As in the standard Kangoo line-up, Z.E. model buyers get a choice of two main bodystyles - the standard 4.2m long variant and the bigger 4.6m-long 'Maxi' model, which also came in fully-glazed 'Crew Van' form with a fold-out three-person split-folding rear bench. In this form, buyers could also use this vehicle as an affordable little family MPV, were they to be so minded. Whichever Kangoo Z.E. variant buyers chose when this vehicle was new, they had to bear in mind that simply buying it wasn't the end of their outlay, for Renault separated vehicle and battery ownership. So, from new, once buyers had to decide whether to purchase or lease this van, they had then to take out a monthly subscription for the battery that would power it, the cost of which was determined by the contract term chosen and the buyer's annual mileage. These parameters could vary at anything between one year and five, with annual mileage anything between 6,000 and 15,000 miles pa. Once buyers from new had sorted out all of this, they at least had the peace of mind of knowing that Renault would guarantee that their vehicle's battery would always have a minimum charge capacity at least 75% of the original level (batteries deteriorate slowly over time you see). Plus they could count on comprehensive roadside assistance cover that would tow them to the nearest charging point, should they find themselves stranded with a flat battery by the roadside. On top of the purchase price and the battery subscription, customers of this vehicle from new also needed to budget for a charging point, since Renault frowns upon operators using a three-pin plug supply on a regular basis, even if that were business-practical. The French brand works with British Gas for the installation of such a point, which can be either at your home of place of business. The cost will be around £800 ex vat. The charging cable for this is of course supplied with the vehicle, but if you want a cable that will, occasionally, allow you to charge off a normal 220V home supply, then you'll need to buy a separate cable from your dealer.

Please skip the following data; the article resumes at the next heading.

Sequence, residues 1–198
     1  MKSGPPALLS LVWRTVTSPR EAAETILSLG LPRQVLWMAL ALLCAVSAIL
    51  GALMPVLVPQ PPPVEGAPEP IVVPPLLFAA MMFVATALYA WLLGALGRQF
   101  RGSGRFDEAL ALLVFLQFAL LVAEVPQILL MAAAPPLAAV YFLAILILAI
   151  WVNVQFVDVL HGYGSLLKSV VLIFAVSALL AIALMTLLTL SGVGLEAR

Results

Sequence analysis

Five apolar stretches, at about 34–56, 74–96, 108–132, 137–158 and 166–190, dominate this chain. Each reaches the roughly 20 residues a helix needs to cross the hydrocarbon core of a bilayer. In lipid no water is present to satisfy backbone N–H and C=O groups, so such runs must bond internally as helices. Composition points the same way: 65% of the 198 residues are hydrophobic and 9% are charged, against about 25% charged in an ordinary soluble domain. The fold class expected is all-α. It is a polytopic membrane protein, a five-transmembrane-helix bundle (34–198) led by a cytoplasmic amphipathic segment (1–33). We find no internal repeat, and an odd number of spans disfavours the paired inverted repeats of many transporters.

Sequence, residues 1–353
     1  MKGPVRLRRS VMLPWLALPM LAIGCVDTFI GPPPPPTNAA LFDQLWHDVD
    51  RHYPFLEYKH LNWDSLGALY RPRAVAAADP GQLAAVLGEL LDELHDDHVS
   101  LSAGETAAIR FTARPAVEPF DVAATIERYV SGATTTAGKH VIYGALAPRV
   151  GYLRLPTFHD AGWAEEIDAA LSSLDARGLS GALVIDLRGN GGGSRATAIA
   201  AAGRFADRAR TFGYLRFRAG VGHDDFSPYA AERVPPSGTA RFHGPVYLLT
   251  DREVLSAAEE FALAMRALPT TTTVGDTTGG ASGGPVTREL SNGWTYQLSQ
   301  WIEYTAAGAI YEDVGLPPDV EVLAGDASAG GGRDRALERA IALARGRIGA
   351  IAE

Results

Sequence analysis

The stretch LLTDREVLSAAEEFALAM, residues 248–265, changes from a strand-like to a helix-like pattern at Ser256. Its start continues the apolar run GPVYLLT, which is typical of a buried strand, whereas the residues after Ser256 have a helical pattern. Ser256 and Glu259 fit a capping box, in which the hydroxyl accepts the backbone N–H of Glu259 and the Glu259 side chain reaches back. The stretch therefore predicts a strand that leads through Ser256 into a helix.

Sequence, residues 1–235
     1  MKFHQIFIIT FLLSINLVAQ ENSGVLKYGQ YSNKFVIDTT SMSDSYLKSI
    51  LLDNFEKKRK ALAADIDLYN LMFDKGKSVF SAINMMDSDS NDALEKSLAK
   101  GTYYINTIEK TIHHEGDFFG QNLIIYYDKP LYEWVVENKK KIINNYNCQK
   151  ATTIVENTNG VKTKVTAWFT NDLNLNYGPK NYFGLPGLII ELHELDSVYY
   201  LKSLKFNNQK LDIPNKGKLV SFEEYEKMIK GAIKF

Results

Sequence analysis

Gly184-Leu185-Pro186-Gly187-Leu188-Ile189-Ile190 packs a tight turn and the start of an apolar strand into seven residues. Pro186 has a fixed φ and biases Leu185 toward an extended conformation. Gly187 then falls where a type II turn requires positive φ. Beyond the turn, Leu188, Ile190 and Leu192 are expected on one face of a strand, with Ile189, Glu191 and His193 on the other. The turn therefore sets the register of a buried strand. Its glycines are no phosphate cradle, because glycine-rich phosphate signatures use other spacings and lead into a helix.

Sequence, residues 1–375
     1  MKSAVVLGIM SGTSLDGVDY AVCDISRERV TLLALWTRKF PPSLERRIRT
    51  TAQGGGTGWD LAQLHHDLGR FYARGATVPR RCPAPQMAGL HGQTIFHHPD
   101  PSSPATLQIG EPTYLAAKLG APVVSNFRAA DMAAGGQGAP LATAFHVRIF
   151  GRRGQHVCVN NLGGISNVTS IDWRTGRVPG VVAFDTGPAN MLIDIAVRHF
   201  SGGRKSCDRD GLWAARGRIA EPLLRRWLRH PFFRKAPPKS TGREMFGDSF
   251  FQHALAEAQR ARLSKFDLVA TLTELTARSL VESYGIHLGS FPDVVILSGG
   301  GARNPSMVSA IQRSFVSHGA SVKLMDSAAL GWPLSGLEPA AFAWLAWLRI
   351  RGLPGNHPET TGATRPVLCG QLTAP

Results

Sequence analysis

What You Pay